The goal I think, for auditors around the world is to improve audit quality and at the same time, do a better job. So, we need to leverage those technologies, especially around getting the data. Similarly, as with tax, we talked about digital to paper to digital. Same thing happens in audit. We ask clients for financials, balance sheets, and cash flows and so on... And what do clients do? They print out PDFs. They send it over. There's lots of new technologies developing around the world. We see a lot in the UK in that data ingestion space. A significant number of these best breed audit tools are originating in UK.

We don't necessarily have to be regional specific with respect to our audit tools because auditors are doing the same process around the world. Let’s try to leverage these global technologies.

Lisa Benson: Let’s talk now about the benefits to the firm – obviously it saves time, but what else can that do?

Jim Bourke: The firm should see an increase in realisation, an increase in profitability and an increase in margins. As a result of utilising tools, you may not recognise benefits in immediate return on your investment, but over a period of years you will. If we're automating the manual tasks, auditors will have more free time to maybe do a deeper dive on the client, do a better-quality job on the audit, maybe service other clients, maybe bring in additional business.

From a client perspective, you tell the client what data you need, and as the data becomes available, it's delivered to you electronically. The client is experiencing less disruption to their practice by not having auditors camp out for a week, two weeks, three weeks at their office location.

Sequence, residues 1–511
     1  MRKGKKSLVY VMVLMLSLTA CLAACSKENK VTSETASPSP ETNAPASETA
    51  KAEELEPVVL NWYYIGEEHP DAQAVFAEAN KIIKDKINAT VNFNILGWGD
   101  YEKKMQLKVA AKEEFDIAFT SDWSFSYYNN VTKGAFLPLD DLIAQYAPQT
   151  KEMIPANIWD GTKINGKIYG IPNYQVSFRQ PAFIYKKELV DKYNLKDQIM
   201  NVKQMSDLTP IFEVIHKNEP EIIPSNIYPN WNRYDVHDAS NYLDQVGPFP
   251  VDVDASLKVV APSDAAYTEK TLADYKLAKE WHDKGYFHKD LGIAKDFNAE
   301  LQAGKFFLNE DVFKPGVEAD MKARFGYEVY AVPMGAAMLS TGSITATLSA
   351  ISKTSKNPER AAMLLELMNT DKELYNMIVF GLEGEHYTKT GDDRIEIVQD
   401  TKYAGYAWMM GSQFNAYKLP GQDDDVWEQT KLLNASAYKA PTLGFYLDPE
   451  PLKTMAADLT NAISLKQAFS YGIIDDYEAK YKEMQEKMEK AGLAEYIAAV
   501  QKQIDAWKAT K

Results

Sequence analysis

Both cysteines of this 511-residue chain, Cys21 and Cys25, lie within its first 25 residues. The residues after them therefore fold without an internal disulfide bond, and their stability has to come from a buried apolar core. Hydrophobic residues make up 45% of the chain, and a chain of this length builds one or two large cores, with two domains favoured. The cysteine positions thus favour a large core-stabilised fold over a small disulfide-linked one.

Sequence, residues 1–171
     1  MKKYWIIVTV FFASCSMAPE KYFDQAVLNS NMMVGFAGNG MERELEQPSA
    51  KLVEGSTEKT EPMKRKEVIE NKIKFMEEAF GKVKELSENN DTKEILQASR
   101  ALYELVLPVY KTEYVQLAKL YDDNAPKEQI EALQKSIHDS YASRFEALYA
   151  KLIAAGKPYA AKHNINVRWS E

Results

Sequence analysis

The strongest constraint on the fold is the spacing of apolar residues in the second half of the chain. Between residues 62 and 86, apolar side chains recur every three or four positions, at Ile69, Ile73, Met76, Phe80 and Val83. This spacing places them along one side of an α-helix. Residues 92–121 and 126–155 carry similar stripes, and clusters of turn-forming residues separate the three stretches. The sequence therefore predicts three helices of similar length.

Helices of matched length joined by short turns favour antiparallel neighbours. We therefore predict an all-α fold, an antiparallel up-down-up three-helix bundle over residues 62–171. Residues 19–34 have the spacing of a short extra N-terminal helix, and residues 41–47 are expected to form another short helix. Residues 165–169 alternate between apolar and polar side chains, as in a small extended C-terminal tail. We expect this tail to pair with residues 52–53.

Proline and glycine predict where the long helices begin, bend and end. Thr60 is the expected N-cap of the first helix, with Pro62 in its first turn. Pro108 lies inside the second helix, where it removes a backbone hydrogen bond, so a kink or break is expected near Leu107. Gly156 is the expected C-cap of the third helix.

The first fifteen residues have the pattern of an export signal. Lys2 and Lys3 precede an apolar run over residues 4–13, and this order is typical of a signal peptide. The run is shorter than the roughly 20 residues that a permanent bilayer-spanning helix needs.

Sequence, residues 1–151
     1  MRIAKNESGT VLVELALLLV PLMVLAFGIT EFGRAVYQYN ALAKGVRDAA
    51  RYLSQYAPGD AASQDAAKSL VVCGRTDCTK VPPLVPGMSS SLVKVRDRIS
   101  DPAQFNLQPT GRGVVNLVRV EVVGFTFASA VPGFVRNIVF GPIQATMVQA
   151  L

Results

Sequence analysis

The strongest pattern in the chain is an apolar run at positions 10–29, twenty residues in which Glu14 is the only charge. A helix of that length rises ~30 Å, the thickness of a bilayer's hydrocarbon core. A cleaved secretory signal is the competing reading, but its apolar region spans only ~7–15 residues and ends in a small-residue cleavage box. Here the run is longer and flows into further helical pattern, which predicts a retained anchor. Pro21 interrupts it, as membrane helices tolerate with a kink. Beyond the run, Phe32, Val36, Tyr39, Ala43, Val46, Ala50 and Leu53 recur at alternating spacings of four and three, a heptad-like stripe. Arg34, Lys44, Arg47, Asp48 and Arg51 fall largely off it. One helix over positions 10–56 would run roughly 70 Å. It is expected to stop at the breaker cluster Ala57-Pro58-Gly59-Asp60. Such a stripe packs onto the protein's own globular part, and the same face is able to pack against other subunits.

So it's a win-win for the firm and for the client. And I think at the end of the day, it is a better-quality audit too.

Lisa Benson: So that's the whole compliance side, let’s talk about advisory practices…

Jim Bourke: We are seeing major strides in digital transformation relating to advisory practices. New tools are entering the marketplace to analyse data in better ways. Big companies are trying to understand the stories that are embedded in the data that we can't see, and as auditors, as tax individuals, we can uncover those.

Effectively analysing data gets you to the root of the problem. Tremendous numbers of tools are popping up in this space. There has been a lot of traction over the last year for publicly held companies. Why? Because the Big Four are doing the audits for these companies. The same firm can't be engaged to do a lot of the advisory work at board level for the same company. We're seeing a tremendous amount of fall out. Why look at a smaller firm when they can use a Big Four firm? Why not! We all have best of breed access to these data analytics tools today. It creates a very competitive environment. We can do the same things the Big Four are doing, analysing data and giving our clients those stories that are embedded in the data that they can't uncover themselves.

Lisa Benson: Tell me some specifics about how utilising digital transformation and data analyses in the firm is beneficial and what flows out of that?

Jim Bourke: Well, let's think about that. Why should a firm be embracing digital transformation and data analysis instead of just sticking to its traditional big picture analysis? It's worked for the last hundred years… But it won't work for the next hundred years. The answer is because it will free up time to do other things and drive a new revenue stream. Digital transformation drives opportunities for firms to expand the areas that they derive revenue from that will allow them to remain relevant way into the future.